We propose a multilevel paradigm for the global optimisation of polynomials with sparse support. Such polynomials arise through the discretisation of PDEs, optimal control problems and in global optimization applications in general. We construct projection operators to relate the primal and dual variables of the SDP relaxation between lower and higher levels in the hierarchy, and theoretical results are proven to confirm their usefulness. Numerical results are presented for polynomial problems that show how these operators can be used in a hierarchical fashion to solve large scale problems with high accuracy.

I will present a broad family of stochastic algorithms for inverting a matrix, including specialized variants which maintain symmetry or positive definiteness of the iterates. All methods in the family converge globally and linearly, with explicit rates. In special cases, the methods obtained are stochastic block variants of several quasi-Newton updates, including bad Broyden (BB), good Broyden (GB), Powell-symmetric-Broyden (PSB), Davidon-Fletcher-Powell (DFP) and Broyden-Fletcher-Goldfarb-Shanno (BFGS). After a pause for questions, I will then present a block stochastic BFGS method based on the stochastic method for inverting positive definite matrices. In this method, the estimate of the inverse Hessian matrix that is maintained by it, is updated at each iteration using a sketch of the Hessian, i.e., a randomly generated compressed form of the Hessian. I will propose several sketching strategies, present a new quasi-Newton method that uses stochastic block BFGS updates combined with the variance reduction approach SVRG to compute batch stochastic gradients, and prove linear convergence of the resulting method. Numerical tests on large-scale logistic regression problems reveal that our method is more robust and substantially outperforms current state-of-the-art methods.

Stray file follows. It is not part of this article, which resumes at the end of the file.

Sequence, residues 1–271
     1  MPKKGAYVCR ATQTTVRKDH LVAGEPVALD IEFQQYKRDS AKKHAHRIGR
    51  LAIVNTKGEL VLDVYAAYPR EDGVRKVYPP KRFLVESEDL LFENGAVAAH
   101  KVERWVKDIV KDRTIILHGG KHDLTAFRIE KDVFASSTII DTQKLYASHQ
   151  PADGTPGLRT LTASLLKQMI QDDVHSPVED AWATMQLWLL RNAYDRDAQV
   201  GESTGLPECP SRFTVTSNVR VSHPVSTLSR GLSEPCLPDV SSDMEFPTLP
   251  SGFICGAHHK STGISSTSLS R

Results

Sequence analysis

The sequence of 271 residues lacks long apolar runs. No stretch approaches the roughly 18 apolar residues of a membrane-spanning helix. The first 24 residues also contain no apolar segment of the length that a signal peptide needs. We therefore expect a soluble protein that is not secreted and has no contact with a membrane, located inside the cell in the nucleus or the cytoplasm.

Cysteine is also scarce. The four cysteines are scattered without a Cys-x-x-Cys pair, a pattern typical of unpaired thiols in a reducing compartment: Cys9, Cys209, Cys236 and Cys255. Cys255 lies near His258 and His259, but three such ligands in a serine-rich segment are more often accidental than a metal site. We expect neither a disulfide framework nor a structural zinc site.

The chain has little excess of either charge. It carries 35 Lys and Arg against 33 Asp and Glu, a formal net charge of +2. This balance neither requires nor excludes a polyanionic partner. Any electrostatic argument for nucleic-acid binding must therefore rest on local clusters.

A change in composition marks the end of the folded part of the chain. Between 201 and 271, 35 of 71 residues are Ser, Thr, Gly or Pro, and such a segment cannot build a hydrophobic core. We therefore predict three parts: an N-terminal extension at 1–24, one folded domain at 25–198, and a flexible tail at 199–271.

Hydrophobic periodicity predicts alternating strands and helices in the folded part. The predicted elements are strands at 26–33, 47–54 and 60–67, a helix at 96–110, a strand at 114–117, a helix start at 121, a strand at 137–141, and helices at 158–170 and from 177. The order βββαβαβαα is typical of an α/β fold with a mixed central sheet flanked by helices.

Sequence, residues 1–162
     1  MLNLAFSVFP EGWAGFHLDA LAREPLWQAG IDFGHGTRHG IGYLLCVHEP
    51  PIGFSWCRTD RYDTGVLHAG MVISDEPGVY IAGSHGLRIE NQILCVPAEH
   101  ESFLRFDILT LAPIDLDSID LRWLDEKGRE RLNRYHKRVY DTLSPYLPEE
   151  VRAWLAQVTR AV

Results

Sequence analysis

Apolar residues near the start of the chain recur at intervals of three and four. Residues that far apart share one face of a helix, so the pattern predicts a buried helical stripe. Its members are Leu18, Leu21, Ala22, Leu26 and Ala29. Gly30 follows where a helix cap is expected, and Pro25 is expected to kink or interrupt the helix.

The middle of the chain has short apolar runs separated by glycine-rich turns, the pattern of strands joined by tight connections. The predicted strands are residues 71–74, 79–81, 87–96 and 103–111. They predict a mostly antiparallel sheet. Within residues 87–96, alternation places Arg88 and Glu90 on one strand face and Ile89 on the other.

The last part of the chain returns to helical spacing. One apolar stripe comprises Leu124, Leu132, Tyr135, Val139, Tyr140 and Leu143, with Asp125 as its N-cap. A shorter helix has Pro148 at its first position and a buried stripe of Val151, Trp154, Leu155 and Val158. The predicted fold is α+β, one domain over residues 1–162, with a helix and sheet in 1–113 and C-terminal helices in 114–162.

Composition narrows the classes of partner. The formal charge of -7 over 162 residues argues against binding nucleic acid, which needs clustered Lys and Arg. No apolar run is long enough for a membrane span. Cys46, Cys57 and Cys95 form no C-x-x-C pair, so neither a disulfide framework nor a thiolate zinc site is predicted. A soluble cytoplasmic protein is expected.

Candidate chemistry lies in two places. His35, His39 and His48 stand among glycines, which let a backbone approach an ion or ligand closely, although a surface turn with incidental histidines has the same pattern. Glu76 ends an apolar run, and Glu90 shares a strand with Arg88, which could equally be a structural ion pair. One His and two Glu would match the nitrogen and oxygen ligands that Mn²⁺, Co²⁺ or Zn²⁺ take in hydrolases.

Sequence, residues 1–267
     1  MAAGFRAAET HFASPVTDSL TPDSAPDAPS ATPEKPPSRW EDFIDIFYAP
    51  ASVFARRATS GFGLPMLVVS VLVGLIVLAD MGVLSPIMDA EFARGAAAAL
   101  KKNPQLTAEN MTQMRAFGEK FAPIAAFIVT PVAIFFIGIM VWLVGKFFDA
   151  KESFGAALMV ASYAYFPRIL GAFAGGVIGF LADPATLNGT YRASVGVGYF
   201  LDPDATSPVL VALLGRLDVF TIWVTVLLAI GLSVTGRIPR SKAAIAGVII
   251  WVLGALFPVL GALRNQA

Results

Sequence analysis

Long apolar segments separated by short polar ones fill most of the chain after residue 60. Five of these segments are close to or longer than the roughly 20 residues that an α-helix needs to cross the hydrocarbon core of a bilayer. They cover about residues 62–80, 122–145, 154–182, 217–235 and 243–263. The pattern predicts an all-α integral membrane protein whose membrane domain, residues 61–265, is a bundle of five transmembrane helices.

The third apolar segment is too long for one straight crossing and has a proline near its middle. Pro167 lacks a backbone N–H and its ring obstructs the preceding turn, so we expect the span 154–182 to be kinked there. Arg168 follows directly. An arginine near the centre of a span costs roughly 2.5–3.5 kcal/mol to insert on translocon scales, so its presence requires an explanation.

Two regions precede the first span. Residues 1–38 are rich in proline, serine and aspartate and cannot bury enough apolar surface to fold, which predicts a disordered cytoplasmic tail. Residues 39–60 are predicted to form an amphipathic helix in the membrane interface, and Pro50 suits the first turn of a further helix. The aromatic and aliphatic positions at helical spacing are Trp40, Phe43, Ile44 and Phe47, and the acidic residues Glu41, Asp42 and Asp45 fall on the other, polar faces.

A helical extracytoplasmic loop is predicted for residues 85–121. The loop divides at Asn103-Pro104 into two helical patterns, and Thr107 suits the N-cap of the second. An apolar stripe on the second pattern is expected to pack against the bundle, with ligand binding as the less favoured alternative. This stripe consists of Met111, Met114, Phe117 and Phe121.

Most current methods of Magnetic Resonance Imaging (MRI) reconstruction interpret raw signal values as samples of the Fourier transform of the object. Although this is computationally convenient, it neglects relaxation and off–resonance evolution in phase, both of which can occur to significant extent during a typical MRI signal. A more accurate model, known as Parameter Assessment by Recovery from Signal Encoding (PARSE), takes the time evolution of the signal into consideration. This model uses three parameters that depend on tissue properties: transverse magnetization, signal decay rate, and frequency offset from resonance. Two difficulties in recovering an image using this model are the low SNR for long acquisition times in single-shot MRI, and the nonlinear dependence of the signal on the decay rate and frequency offset. In this talk, we address the latter issue by using a second order approximation of the original PARSE model. The linearized model can be solved using convex optimization augmented with well-stablished regularization techniques such as total variation. The sensitivity of the parameters to noise and computational challenges associated with this approximation will be discussed.